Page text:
What is a Crown?
A crown is a cover or “cap” that is cemented on a natural tooth. The crown is supposed to restore strength, beauty and function of the tooth.
When a tooth exhibits moderate to severe destruction such as a large filling with recurrent decay or extensive wear, a crown also known as a cap, gives you the strength, beauty, translucency and feel of a natural tooth. Made from a variety of materials, your prosthodontist can help determine the correct crown for your mouth
When is a Crown Needed?
The most common reason for a tooth to need a crown is there is moderate to severe destruction of the tooth, such as previously placed large fillings, cracks, decay or extensive wear. Other indications are:
- when there is a missing tooth and the surrounding teeth need to be capped to support a bridge
- the tooth has had root canal treatment and reinforcement of the tooth is needed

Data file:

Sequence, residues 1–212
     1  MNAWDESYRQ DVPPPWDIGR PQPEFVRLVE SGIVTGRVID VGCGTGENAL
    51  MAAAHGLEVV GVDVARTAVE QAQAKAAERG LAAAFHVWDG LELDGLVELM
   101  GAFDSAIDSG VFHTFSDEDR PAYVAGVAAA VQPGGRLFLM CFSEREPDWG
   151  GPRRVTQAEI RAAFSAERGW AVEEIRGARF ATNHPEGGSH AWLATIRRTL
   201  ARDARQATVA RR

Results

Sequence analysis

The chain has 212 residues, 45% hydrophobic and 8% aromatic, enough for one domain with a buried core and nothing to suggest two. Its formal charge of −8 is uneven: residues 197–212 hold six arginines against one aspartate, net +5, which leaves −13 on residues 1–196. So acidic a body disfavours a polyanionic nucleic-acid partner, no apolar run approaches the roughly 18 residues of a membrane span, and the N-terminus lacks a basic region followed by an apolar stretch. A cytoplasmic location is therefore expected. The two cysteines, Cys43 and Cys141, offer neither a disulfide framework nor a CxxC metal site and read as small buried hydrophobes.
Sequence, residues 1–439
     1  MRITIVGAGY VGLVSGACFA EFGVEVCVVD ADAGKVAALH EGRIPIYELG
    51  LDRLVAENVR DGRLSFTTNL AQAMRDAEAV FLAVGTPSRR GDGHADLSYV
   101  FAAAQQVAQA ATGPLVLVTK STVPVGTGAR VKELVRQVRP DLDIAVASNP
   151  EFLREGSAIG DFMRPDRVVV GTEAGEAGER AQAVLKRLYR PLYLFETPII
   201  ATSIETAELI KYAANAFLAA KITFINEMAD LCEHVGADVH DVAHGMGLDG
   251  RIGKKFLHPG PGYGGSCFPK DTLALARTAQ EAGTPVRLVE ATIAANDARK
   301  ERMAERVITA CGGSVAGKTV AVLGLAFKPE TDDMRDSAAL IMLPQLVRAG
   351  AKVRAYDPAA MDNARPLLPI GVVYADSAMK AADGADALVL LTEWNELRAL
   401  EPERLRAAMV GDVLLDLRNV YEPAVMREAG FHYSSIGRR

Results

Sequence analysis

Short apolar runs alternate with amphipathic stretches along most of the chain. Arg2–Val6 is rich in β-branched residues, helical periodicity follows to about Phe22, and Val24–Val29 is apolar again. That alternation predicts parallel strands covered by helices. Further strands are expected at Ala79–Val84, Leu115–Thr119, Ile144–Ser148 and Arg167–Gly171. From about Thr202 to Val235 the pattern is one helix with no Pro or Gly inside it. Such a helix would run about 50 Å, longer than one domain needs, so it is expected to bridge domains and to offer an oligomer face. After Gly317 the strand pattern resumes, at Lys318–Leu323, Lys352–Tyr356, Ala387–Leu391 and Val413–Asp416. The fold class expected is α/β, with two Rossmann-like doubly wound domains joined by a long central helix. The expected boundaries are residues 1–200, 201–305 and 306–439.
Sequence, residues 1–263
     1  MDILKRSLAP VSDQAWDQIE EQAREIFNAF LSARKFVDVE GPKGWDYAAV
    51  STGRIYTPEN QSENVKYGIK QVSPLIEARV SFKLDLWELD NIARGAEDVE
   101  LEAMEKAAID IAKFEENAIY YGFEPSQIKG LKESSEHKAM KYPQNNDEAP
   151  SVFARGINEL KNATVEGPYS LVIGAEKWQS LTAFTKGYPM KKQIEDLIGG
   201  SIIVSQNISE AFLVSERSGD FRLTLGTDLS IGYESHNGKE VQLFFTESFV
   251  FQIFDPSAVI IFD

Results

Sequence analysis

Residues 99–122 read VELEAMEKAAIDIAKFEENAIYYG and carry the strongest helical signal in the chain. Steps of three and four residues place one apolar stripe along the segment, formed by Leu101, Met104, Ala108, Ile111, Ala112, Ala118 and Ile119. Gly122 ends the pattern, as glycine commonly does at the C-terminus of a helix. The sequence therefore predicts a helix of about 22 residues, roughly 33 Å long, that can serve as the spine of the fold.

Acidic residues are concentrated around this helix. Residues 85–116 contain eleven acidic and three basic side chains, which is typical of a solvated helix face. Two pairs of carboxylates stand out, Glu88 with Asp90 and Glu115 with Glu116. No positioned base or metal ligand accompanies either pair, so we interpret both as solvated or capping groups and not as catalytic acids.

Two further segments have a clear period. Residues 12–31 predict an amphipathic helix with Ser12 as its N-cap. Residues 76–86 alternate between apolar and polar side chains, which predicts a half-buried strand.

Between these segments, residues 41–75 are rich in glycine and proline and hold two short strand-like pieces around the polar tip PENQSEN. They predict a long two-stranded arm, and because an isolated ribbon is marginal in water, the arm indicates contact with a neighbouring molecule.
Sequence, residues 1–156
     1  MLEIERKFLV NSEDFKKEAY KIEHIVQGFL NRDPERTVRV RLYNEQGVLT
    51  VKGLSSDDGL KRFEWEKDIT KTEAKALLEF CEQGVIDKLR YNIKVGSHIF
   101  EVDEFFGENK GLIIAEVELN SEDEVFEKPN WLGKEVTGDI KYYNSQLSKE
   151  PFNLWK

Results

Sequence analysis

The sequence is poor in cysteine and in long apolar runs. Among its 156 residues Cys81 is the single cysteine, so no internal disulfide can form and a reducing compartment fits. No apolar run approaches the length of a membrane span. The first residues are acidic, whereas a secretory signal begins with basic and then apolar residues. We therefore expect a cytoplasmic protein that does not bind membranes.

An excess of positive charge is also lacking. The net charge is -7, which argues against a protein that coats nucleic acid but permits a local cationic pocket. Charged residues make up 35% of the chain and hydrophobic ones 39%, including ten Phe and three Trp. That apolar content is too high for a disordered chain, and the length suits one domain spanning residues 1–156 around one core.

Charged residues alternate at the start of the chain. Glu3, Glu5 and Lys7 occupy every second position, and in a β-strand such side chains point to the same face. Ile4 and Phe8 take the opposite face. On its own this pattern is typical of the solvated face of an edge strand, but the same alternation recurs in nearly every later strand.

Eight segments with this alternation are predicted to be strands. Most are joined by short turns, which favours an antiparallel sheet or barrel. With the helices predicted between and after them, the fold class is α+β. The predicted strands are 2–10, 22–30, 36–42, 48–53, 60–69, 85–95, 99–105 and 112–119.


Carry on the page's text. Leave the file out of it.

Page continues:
- to enhance esthetics by restoring a discoloured or badly shaped tooth
- the tooth needs to be part of precision designed removable denture
How is a Crown Made?
Several steps are involved and generally, two dental visits are needed to complete the treatment:
- The dental surgeon first removes any decay on the tooth and rebuilds the foundation (core) of the tooth. The tooth is then prepared by removing the outer layers of the tooth, so that there is space for the crown to fit.
- An impression (mold) is then made to provide an accurate model for the crown fabrication.
- A temporary (provisional) crown is made and cemented to protect the prepared tooth.
- The laboratory receives the impression (mold) and the technician will fabricate the crown. Several types of materials can be chosen – metal alloys, ceramics, composite resin or combinations of these materials can be blended. The type of material chosen must be appropriate to the clinical situation that led to the crown procedure being indicated for.
- When the new crown is ready, the dental surgeon will then remove the temporary crown, and make necessary adjustments to fit the new crown to the tooth and finally cement it in place.
For the crown to last as long as possible, regular recare visits and professional teeth cleanings need to be scheduled.
Meet Our Specialists
Find out more about the expertises of our Dental Specialists.